Emerson Contemporary hosts Media Art Gallery’s ‘Onomatopoeia’ exhibition

The Media Art Gallery at Emerson Contemporary hosted Los Angeles artist and filmmaker Kerry Tribe’s Onomatopoeia exhibition from Jan. 26 to April 3.

Tribe grew up in Cambridge and received her MFA from UCLA and earned a BA in Art and Semiotics from Brown University. His work mainly consists of films, videos and installations.

The exhibition presents works created between 2010 and 2021. According to the websitethe works “reflect the artist’s longstanding interest in consciousness, memory, and the limits of linguistic communication”.

Emerson Contemporary Curator-in-Residence Leonie Bradbury said Tribe’s work intersects with contemporary art and different fields of study at Emerson such as communication, journalism and visual media arts.

“Three years ago when I came to Emerson – there are so many people who work with film and video -[and with] different fields of study at Emerson, I thought this might be a good time to reach out to her,” Bradbury said.

They started working on the exhibition together three years ago, but were forced to put it on hold due to the pandemic. About a year ago they resumed work on the exhibit.

Onomatopoeia presents two documentary videos: “The Last Soviet” (2010) and “Afasia” (2017). Narrated and subtitled in English and Russian, “The Last Sovietis a 10-minute video that offers different perspectives on the emotions of a Russian cosmonaut lost on the Mir space station during the collapse of the Soviet Union.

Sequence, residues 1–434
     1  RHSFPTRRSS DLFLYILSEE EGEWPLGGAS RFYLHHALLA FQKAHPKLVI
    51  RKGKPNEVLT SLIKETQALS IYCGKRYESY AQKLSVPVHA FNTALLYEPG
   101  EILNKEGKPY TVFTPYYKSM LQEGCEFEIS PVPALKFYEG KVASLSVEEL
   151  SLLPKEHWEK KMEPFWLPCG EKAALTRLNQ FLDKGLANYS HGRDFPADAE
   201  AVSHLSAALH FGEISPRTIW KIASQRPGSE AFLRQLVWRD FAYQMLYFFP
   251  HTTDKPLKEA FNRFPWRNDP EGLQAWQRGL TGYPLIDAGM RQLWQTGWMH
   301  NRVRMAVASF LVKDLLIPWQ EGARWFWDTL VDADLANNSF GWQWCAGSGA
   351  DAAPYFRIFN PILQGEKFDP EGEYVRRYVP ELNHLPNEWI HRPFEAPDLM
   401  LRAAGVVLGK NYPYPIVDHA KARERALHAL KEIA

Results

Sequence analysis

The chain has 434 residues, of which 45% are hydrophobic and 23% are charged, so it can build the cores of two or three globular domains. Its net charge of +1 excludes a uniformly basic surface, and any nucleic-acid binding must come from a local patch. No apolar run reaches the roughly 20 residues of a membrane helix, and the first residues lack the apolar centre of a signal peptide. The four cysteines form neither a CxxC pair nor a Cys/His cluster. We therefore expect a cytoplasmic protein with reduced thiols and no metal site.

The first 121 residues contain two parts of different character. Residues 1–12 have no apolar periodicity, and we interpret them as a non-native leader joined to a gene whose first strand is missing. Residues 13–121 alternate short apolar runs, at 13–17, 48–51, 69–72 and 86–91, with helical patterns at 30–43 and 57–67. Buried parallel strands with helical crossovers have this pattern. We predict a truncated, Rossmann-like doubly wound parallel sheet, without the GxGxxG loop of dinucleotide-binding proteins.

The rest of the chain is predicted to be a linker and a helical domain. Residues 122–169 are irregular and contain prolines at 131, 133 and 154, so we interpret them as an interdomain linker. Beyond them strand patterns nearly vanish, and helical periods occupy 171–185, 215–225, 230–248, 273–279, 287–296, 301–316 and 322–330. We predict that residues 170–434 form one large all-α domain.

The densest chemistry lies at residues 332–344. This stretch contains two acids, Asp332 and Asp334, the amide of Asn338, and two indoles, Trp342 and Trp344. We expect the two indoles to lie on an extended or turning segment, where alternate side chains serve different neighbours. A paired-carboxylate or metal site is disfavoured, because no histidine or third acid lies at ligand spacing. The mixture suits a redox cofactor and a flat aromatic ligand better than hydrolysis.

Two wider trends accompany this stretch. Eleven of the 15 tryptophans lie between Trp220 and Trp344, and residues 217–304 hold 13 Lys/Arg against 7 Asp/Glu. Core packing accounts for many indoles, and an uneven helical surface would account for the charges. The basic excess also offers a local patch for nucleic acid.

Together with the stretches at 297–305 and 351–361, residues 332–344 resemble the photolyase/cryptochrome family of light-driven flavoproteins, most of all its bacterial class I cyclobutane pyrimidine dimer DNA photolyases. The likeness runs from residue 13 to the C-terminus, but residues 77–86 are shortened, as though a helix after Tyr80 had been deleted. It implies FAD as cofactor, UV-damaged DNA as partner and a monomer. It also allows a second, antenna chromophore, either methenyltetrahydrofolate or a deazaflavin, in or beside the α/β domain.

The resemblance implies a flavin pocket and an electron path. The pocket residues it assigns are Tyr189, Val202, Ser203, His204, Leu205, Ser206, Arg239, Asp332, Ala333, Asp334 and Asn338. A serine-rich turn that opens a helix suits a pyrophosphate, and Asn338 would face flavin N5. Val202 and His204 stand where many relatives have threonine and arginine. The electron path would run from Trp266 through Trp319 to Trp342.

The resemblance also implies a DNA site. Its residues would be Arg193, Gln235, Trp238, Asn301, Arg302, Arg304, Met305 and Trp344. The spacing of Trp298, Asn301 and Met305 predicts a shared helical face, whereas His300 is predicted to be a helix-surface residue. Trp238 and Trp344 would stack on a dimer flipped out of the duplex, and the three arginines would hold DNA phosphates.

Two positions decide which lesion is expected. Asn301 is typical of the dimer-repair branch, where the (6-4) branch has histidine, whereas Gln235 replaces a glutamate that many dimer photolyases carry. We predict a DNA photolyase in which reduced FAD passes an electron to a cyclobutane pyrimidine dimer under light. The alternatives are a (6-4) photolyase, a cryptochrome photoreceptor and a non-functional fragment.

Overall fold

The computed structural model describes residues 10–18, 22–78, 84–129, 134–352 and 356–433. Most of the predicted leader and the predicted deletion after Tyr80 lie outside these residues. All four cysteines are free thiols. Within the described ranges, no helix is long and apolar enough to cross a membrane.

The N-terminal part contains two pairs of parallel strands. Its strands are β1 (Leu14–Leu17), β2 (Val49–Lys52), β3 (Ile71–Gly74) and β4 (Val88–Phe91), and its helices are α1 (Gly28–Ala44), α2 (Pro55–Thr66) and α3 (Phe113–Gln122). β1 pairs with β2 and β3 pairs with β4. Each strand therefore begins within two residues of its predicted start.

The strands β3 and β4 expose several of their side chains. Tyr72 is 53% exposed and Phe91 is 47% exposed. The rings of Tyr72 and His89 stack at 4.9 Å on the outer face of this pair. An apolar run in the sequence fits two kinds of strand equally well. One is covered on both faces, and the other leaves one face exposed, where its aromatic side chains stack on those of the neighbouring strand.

Afasia” highlights a photographer who suffered a stroke in the left hemisphere, impacting his ability to communicate. Subtitled in English and Spanish, the photographer’s reflection, combined with a description of Tribe’s efforts to relearn a foreign language, provides insight into how language limitation affects life.

The exhibition presents two photographic prints from 2017, black tourmaline (front) and black tourmaline (back), which will be shown in the United States for the first time. Silkscreens inspired by cognitive tests as well as two new “scratch drawings” are also presented.

forest for trees (2015) features a monitor set among potted plants and apple boxes that displays one word at a time. Fantastic trip (2020) is a recording that visitors are invited to listen to on their personal devices.

“His work is really strong in the sense that the more time you spend with him, the more things you can experience in the world, and you start to see connections between all the different works presented together in the gallery, so that’s gratifying in that sense,” Bradbury said. “The more time you spend [on it]the more you benefit from it.

Photo: Hannah Nguyen

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